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All Aboard America to look after adult disabled in Darrington

DARRINGTON An organization offering daytime care for disabled adults, All Aboard America hopes to bring its service to the Darrington area and will offer an informational meeting at the Mansford Grange at 1 p.m., Feb. 18
Chris Rehkopf, programs director for the All Aboard America branch thats looking to move into Darrington, was inspired to get involved with the program by her own experiences with raising a severely disabled foster child.
Rehkopfs autistic foster son had originally been scheduled as a two-week placement, but after she found out that she would be his 31st placement within the past seven years, she told her case manager that she wanted to keep him.
I didnt realize all the challenges that would come up, said Rehkopf, who described the predicament of finding a place for him after the age of 21, since he was no longer eligible to attend school and remained so disabled that even groups such as Big Brothers and Big Sisters werent equipped to accommodate him.
We tried sending him to a daycare program for the elderly, but their programs arent designed to deal with autistics, said Rehkopf, who didnt want her foster son to become a shut-in, but asserted that the degree of his disability makes him incapable of integrating into even the most remedial employment.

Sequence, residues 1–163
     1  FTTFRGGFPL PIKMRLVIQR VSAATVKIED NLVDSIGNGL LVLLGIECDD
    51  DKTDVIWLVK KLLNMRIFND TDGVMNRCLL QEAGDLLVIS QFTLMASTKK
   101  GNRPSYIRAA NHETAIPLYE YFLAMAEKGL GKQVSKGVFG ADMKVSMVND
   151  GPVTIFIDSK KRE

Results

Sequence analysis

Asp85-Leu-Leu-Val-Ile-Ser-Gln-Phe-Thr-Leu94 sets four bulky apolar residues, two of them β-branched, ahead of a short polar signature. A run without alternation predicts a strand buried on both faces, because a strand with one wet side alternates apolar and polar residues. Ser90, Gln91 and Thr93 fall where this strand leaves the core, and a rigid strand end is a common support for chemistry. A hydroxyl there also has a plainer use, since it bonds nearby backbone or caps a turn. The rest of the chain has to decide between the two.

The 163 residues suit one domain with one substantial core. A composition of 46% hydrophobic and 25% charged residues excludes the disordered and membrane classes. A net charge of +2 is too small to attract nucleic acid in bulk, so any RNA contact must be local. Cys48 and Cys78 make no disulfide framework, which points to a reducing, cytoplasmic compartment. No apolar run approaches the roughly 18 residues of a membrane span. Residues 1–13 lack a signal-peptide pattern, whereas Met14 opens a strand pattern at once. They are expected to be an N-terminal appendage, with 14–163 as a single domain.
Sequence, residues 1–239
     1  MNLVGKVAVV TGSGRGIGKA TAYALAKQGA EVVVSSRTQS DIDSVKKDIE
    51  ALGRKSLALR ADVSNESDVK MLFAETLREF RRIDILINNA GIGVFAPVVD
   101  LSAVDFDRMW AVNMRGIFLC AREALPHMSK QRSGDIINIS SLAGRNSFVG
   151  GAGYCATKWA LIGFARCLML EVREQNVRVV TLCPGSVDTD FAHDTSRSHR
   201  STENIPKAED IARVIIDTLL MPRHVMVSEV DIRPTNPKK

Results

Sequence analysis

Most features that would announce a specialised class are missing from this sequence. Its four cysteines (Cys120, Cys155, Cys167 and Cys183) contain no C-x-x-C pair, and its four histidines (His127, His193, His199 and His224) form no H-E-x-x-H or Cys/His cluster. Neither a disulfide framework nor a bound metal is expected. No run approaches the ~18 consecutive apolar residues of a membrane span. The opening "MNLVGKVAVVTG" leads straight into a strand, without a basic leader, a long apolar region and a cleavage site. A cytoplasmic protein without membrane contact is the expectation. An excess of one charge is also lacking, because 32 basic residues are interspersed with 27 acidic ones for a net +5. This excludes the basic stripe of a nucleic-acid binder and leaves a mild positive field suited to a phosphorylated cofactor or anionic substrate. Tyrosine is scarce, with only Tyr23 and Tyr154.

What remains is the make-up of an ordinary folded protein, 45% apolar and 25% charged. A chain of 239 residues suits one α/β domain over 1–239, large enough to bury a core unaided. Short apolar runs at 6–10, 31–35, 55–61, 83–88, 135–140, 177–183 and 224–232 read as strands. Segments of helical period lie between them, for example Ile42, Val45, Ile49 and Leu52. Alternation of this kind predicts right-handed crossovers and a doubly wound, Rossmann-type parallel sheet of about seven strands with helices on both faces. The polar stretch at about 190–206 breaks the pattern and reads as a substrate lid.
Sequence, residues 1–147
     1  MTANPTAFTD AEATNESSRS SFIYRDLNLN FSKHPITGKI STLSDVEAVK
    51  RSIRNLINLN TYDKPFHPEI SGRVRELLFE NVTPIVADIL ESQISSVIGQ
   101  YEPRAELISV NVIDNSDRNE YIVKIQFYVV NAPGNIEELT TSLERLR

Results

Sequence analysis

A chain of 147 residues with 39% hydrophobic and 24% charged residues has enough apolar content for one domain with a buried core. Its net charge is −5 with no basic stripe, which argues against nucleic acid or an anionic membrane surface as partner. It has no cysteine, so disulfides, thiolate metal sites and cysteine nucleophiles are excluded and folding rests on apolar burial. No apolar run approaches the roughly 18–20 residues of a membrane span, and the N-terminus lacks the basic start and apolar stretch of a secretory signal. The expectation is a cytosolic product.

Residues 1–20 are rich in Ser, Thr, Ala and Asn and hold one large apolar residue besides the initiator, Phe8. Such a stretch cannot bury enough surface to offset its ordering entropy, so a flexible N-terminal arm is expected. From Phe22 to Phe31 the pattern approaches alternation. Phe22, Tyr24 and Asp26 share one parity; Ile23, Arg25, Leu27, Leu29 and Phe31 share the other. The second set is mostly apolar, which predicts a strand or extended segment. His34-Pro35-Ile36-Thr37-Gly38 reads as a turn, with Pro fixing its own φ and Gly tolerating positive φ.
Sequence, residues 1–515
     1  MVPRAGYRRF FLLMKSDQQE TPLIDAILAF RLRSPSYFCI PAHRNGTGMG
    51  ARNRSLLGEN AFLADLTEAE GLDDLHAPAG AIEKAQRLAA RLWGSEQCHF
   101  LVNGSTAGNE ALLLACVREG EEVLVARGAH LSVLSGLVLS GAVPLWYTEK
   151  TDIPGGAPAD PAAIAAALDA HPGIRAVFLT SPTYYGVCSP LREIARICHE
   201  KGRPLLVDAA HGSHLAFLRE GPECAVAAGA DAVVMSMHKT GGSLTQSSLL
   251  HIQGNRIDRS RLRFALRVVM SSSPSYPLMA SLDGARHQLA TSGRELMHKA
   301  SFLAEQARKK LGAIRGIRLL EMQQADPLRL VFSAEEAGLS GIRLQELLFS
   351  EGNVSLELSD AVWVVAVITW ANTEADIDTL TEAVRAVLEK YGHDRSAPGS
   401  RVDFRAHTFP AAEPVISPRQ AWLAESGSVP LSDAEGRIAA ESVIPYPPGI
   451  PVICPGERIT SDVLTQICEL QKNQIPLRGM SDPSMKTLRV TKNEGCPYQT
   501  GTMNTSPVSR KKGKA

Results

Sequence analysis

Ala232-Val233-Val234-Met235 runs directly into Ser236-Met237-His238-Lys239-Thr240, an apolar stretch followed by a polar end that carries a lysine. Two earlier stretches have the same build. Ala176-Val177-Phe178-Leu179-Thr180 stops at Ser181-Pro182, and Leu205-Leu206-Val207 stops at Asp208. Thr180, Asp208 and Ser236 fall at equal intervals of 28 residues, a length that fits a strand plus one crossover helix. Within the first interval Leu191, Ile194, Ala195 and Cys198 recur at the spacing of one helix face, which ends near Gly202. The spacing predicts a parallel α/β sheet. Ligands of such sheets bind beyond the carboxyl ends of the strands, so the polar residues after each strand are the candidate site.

All Aboard America offer activities such as arts and crafts, music and even bowling to keep disabled adults entertained.
Rehkopf believes that the Mansford Grange in Darrington can serve as the site for a similar post-school coop, in which the primary caregivers for the disabled adults participate in the supervision at the daycare.
If theyre unable to do so, theyll have to pay a higher price, but were trying to make the prices for everyone low, so that they can afford it, Rehkopf said. Weve been talking to senior citizens about having them come in to read to the group, and to performing artists about entertaining them. One person even wants to put in a rabbit hutch, so theyll have that experience. Wed be offering lots of structured activity.
Rehkopf estimated that their daycare could take in as many as 30 disabled adults at once, but emphasized that the minimum age to be eligible would be 16. As for how much money might be needed to get the program up and running in Darrington, Rehkopf admitted that it would depend largely upon the number of adult disabled they began with.
To learn more attend the All Aboard America meeting at the Mansford Grange, Feb. 18 at 1 p.m., or you may contact Chris Rehkopf at 360-618-3861.

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